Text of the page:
And finally, even if manganese could cause Parkinson's Disease in someone like Tamraz, that did not show that manganese did cause Tamraz's Parkinson's Disease. Parkinson's Disease occurs commonly in the general population and usually without any known cause. Any given case of Parkinson's Disease thus might have occurred regardless of the manganese exposure, making it hard to attribute one case to manganese exposure over all of the other possible causes.

Plaintiffs stressed on appeal that Dr. Carlini opined “with a reasonable degree of medical certainty,” but the court of appeals correctly noted that the phrase --the conclusion by itself-- does not make a causation opinion admissible. The “ipse dixit of the expert” alone is not sufficient to permit the admission of an opinion. General Elec. Co. v. Joiner, 522 U.S. 136, 146 (1997). Minus that one phrase, nothing in this testimony took the opinion beyond speculation, theory, hypothesis. 

Plaintiffs, understandably, also tried to bolster the opinion by emphasizing areas of agreement among experts on the general diagnosis of some parkinsonism disorder.  But in conflating “manganese-induced parkinsonism” with manganism, plaintiff conflated diagnosis with etiology, erasing the distinction between Tamraz's disease and what caused it. Diagnosis and etiology, however, both were in play in this case. Because Dr. Carlini diagnosed Tamraz with something akin to Parkinson's Disease, not manganism, and because Parkinson's Disease unlike manganism has no standard etiology and lots of idiopathic cases, Dr. Carlini's etiology opinion had to rise or fall on its own.

Plaintiffs also trotted out the standard "differential diagnosis" argument, the tent that supposedly (and too often does) covers all kinds of unreliable causation opinions from medical experts.  The court here made some very useful observations about this issue.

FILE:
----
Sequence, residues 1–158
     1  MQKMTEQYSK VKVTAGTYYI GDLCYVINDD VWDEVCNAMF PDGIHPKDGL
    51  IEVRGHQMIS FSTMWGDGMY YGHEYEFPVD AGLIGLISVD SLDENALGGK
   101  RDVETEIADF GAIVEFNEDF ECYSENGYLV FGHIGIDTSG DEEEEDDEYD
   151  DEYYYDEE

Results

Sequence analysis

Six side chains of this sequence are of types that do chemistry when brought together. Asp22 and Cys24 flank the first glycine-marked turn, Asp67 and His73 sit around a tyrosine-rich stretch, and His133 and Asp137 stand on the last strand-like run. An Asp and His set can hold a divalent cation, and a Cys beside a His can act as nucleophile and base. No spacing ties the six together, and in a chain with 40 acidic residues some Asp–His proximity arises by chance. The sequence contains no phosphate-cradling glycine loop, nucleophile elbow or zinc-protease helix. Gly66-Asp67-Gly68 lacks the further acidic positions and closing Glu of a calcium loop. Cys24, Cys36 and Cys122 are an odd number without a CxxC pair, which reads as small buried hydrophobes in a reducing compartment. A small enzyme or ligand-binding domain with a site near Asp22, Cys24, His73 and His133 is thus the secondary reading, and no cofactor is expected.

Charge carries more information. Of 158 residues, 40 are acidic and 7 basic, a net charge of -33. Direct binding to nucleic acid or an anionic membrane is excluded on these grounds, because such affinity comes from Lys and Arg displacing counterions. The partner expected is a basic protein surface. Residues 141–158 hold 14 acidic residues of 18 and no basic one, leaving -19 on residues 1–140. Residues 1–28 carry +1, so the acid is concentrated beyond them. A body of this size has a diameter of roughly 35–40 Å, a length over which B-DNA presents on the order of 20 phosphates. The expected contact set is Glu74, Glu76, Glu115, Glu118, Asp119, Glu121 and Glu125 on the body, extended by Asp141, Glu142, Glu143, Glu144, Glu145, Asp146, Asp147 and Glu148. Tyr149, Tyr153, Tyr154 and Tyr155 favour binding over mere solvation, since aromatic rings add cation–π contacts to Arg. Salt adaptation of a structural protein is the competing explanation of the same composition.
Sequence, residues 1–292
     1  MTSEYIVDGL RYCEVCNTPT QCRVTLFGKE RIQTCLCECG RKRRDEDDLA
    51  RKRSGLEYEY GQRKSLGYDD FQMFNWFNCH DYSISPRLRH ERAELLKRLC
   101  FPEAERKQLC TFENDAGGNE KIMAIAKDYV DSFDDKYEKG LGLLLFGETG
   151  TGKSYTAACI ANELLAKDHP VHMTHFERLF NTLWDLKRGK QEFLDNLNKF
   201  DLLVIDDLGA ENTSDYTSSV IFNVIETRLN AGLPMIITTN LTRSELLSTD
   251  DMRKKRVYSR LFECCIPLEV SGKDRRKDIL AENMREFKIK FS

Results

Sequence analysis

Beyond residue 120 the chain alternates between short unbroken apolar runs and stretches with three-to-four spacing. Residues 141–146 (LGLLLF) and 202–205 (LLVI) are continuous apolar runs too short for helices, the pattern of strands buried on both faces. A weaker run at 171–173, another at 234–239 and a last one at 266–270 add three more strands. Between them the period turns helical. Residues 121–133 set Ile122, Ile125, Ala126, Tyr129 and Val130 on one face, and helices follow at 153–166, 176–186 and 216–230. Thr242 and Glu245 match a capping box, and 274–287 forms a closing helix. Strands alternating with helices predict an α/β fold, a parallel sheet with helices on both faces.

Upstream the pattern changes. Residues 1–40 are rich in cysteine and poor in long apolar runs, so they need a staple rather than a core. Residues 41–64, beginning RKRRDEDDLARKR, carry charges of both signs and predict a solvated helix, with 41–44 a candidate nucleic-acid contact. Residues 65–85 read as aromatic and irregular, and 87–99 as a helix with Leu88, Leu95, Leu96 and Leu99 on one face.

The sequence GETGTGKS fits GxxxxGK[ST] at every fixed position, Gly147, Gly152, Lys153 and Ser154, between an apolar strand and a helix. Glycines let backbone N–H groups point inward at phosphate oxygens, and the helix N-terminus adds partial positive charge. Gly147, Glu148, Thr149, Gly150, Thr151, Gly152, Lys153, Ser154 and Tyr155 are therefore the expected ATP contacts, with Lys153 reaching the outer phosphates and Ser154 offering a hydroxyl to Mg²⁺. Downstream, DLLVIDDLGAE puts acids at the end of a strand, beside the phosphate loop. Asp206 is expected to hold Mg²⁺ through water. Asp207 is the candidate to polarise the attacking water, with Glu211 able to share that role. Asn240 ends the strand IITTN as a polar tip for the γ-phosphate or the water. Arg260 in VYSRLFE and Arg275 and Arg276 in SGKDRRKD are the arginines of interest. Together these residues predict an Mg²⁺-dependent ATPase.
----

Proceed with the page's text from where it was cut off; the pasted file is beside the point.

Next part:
1) Most treating physicians have more training in and experience with diagnosis than etiology. See D. Faigman, Judges as “Amateur Scientists”, 86 B . U. L.Rev. 1207, 1221-22 (2006); E. Imwinkelried, The Admissibility and Legal Sufficiency of Testimony About Differential Diagnosis (Etiology), 56 Baylor L.Rev. 391, 405 (2004); M. Henefin, Reference Guide on Medical Testimony, in Reference Manual on Scientific Evidence 439, 471-72 (2d ed.2000). 

2) When physicians think about etiology in a clinical setting, moreover, they may think about it in a different way from the way judges and juries think about it in a courtroom. 

3) Getting the diagnosis right matters greatly to a treating physician, as a bungled diagnosis can lead to unnecessary procedures at best and death at worst. See Bowers v. Norfolk S. Corp., 537 F.Supp.2d 1343, 1361 (M.D.Ga.2007). But with etiology, the same physician may often follow a precautionary principle: If a particular factor might cause a disease, and the factor is readily avoidable, why not advise the patient to avoid it? Such advice  --telling a worker, say, to use a respirator-- can do little harm, think the doctors, and might do some good. See J. Hollingsworth & E. Lasker, The Case Against Differential Diagnosis: Daubert, Medical Causation Testimony, and the Scientific Method, 37 J. Health L. 85, 98 (2004). A lower threshold for making a causation decision serves well in the clinic but not in the courtroom, said the court. 

Of course, some courts permit the physician to testify as to etiology using this methodology, e.g., Hardyman v. Norfolk & W. Ry. Co., 243 F.3d 255, 260-67 (6th Cir.2001), but even these courts must apply the Daubert principles carefully in considering it. The ability to diagnose medical conditions is not remotely the same as the ability to deduce, in a scientifically reliable manner, the causes of those medical conditions. Gass v. Marriott Hotel Servs., Inc., 501 F.Supp.2d 1011, 1019 (W.D.Mich.2007), rev'd on other grounds, 558 F.3d 419 (6th Cir.2009). Doctors thus may testify to both, at least in the Sixth Circuit, but the reliability of one does not guarantee the reliability of the other.